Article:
Audi to bring more diesels to U.S. marketTue, 08 Mar 2011 00:00:00 -0800
Encouraged by healthy U.S. demand for diesel-powered versions of the A3 hatchback and Q7 crossover, Audi will add diesel powerplants to the A8 and A6 sedans and the Q5 crossover within the next 24 to 30 months, Audi of America Inc. president Johan de Nysschen said Tuesday.
Also, Audi will decide before the end of 2015 whether to set up a U.S. manufacturing plant, de Nysschen said.
Audi's U.S. sales are forecast to exceed 150,000 units by the second half of the decade, giving the brand the volume it would need to justify manufacturing in the United States.
"We have to earn the right to set up a manufacturing plant in the U.S. It is volume determined," de Nysschen said in a Web cast summing up Audi's 2010 U.S. performance. "You need a critical mass in order to justify investment in the plant."
De Nysschen did not say whether Audi would build a factory or share the VW brand's new plant in Chattanooga, where the all-new Passat designed for the United States is being built.
De Nysschen forecast Audi will sell 114,000 vehicles in the United States this year, up from 101,629 in 2010. The sales increase will be driven by demand for the new-generation A8 flagship sedan launched late last year, the all-new A7 coupe and the redesigned A6 due later this year, he said.
De Nysschen said Audi expects U.S. sales to reach 130,000 to 140,000 by mid-decade.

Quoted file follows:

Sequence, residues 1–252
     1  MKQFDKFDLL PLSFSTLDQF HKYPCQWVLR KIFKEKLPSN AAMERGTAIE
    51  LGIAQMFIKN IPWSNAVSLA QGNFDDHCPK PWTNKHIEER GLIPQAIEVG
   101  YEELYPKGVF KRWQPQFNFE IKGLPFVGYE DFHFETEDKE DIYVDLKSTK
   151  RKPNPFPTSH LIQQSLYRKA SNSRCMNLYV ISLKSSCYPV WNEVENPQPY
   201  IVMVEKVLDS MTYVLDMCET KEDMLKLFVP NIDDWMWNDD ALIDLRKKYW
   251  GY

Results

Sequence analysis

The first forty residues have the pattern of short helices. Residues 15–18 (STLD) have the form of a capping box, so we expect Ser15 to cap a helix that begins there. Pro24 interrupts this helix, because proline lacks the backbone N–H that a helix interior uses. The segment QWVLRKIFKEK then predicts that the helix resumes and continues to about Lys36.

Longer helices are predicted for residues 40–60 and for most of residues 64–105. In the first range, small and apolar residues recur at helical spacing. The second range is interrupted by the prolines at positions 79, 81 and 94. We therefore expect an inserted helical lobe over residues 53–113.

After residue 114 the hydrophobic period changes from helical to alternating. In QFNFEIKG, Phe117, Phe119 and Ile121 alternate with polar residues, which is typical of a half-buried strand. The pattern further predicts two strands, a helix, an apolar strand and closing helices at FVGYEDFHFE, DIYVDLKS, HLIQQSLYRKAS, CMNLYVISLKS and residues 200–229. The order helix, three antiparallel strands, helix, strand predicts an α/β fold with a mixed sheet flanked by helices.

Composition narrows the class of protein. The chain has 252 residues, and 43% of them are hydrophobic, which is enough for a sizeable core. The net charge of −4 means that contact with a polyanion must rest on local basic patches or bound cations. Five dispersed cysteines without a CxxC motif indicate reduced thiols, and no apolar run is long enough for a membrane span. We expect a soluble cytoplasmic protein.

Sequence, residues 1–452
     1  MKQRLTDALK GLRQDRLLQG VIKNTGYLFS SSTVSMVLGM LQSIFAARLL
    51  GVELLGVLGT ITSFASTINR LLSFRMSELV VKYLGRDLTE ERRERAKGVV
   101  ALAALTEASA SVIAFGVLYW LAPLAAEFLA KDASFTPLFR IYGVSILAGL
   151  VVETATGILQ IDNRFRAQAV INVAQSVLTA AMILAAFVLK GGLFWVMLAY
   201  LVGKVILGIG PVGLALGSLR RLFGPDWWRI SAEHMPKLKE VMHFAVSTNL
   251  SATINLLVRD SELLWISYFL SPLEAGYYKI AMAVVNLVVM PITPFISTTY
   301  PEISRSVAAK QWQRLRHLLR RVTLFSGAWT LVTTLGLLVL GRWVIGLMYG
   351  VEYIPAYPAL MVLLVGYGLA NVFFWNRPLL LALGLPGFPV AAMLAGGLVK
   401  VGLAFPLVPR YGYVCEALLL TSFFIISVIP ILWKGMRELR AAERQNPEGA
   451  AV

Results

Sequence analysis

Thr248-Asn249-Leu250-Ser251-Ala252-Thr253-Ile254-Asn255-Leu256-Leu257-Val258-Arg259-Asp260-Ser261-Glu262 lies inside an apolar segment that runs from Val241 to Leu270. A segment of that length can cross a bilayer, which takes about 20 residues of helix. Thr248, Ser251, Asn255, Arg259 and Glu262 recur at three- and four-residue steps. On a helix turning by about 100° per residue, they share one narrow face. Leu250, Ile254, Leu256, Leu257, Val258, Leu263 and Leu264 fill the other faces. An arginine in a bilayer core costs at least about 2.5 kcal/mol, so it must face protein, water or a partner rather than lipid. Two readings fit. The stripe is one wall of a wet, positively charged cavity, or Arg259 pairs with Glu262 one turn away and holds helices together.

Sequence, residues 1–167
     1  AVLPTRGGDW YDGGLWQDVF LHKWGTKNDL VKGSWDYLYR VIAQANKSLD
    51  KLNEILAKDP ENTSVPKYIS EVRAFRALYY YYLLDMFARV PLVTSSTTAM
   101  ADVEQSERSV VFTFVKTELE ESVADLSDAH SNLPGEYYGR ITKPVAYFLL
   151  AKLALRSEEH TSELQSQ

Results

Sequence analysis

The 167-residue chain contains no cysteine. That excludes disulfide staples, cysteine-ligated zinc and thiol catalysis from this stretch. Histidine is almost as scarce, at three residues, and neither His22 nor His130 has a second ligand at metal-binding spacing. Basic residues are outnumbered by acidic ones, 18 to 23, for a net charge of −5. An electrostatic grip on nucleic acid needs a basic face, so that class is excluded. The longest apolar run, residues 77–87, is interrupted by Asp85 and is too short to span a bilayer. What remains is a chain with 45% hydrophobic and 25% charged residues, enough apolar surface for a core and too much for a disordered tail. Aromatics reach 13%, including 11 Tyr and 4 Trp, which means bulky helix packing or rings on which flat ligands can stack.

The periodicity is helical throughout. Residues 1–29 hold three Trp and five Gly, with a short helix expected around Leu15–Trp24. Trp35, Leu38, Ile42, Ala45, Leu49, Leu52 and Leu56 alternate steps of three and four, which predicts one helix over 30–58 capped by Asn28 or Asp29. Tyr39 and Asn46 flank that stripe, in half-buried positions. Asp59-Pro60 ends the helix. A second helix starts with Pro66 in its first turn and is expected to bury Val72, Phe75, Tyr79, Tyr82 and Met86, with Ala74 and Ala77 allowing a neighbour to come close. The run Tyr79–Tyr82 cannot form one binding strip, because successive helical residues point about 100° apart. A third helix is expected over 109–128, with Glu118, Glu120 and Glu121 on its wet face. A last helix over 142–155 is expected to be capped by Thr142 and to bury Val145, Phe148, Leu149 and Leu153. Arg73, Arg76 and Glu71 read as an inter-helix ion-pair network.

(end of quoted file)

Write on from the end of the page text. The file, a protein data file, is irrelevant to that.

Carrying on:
Audi's growth in 2011 will be constrained by limited supplies because of high worldwide demand. According to the Automotive News Data Center, Audi had a 28-day supply on March 1.
"We have become the victims of our own success," and because of the shortage of vehicles "we have not attained all the retail sales opportunities we have had available to us," he said.
In the U.S. market, supplies of the Q5, Q7, A3, along with diesel versions of the Q7 and A3, are especially tight.
Audi is ramping up production but de Nysschen said he did not expect inventories to improve until "towards the end of the year."
Because of the tight supply, about 25 percent of Audis sold in the United States are presold customer orders, he said.
De Nysschen said Audi will continue to curtail incentives and said its spiffs have been lower than that of its luxury competitors for the past four years. He declined to give internal figures but said Autodata Corp.'s figures show Audi spent $2,700 to $2,800 per vehicle on incentives last year.
"Our quest is not to park an Audi in every driveway," he said, "but in the right driveway."
By Diana T. Kurylko- Automotive News